In 2005, Showtime began airing an anthology horror series called Masters of Horror. Each hour long episode is a horror film from a different director. The series got a lot of heavy hitters involved, but also had some curve balls with lesser known and emerging directors taking their shot at a no holds barred horror extravaganza.
There’s a novel element to deal with in the two episodes of Masters of Horror Mick Garris directed. He is the executive producer on the series. It’s his show. He pitched it and he got it on the air. There is no Masters of Horror without him.
Of course he’s going to choose to give one of the 13 slots each season to his own work. While he is not the least experienced director to work on the show, he is one of the only directors who might be better known for writing rather than directing horror.
Mick Garris is a fine writer. His horror stories are good and have been adapted many times over the years. Probably his best known story provided the inspiration for Batteries Not Included. He’s also done a lot of screenplays, including Hocus Pocus, Critters 2, and several episodes of the anthology series Amazing Stories.
You probably know him better for his work on Stephen King adaptations. He is the director behind Sleepwalkers, The Stand, the TV adaptation of The Shining, Desperation, Bag of Bones, and Quicksilver Highway. His directorial style is text above everything else. If Stephen King mentioned a specific pattern of wallpaper at a truck stop, Mick Garris is going to deliver that exact pattern of wallpaper at a truck stop, even if the truck stop is only onscreen for one scene.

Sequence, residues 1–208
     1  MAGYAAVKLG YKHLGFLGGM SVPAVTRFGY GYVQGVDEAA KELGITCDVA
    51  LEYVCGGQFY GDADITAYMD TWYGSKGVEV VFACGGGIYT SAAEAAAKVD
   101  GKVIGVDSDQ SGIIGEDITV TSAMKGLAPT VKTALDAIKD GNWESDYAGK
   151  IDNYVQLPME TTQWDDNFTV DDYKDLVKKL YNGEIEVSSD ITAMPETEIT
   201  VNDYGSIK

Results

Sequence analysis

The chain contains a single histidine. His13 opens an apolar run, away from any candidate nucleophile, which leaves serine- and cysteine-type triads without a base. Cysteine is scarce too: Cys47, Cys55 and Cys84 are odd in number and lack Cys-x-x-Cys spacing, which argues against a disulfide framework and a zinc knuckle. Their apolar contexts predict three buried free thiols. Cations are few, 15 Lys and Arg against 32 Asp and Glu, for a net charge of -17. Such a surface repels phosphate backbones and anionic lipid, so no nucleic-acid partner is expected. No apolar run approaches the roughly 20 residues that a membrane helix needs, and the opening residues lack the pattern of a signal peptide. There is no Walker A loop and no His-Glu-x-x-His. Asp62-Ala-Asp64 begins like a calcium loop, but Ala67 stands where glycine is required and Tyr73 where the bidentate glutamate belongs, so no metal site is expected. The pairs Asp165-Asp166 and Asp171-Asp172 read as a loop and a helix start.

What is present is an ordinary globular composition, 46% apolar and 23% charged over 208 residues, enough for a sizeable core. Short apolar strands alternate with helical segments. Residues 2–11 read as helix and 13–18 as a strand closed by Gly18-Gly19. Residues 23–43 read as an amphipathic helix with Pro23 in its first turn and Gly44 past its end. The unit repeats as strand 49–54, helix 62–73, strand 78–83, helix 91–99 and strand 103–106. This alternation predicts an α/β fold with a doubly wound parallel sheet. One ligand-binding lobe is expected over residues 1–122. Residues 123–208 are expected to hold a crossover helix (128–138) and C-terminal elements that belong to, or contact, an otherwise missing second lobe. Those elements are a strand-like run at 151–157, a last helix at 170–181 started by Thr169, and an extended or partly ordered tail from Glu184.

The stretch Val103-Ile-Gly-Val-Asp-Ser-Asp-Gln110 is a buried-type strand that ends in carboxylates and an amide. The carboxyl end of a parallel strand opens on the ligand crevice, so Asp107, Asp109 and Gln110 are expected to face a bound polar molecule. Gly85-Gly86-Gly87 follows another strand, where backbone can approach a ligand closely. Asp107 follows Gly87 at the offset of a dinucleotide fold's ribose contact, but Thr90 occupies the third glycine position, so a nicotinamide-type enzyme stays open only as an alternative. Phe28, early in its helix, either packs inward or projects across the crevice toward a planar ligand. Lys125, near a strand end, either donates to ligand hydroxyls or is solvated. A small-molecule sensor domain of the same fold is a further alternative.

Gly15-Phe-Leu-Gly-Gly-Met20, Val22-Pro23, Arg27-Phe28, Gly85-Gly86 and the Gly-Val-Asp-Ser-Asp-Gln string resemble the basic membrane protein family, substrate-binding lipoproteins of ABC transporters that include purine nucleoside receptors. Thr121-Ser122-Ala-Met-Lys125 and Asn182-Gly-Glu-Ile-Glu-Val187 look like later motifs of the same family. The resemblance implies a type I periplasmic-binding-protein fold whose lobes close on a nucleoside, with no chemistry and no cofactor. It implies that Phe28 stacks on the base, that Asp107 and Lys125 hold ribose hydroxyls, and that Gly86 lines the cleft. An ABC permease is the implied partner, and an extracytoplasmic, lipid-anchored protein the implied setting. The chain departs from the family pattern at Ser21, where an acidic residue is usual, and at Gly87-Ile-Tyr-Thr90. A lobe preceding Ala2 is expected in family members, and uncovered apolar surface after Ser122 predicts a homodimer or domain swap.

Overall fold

Chocolate is adapted from Mick Garris’ own short story of the same name. Jamie is being interrogated by police about a murder. The film jumps back in time to explore what led to the crime. He is a food scientist synthesizing artificial flavors in a laboratory. He’s also a recent divorcee who lost a lot of weight and is obsessed with what he eats and how he looks. One night, he wakes up to the taste of expensive chocolate in his mouth. He has formed a psychic connection with a woman he has never met and it quickly consumes his life. She is happy, successful in her career, and deeply in love. She is the opposite of Jamie in every way and he is instantly obsessed with her.
Mick Garris is a director obsessed with every detail being just so. When Jamie goes to bed, the time on the clock is 11:11. The specific clock is a digital clock that has no dots, colon, or dash to separate the hour from the minute. It’s a clear visual, 1 1 1 1, the brightest thing onscreen, and it has no literal bearing on anything in the story. It’s a precise style element for a recurring visual motif. Jamie is surrounded by vertical lines, a physical manifestation of his obsession with weight and appearance.
One of the things I find so off-putting about the episode is the lack of care spent on actual story elements. It’s embodied with the lead character himself. We’re to believe that this man has recently lost a lot of weight after separating from his wife. He’s obsessed with his appearance and his eating habits.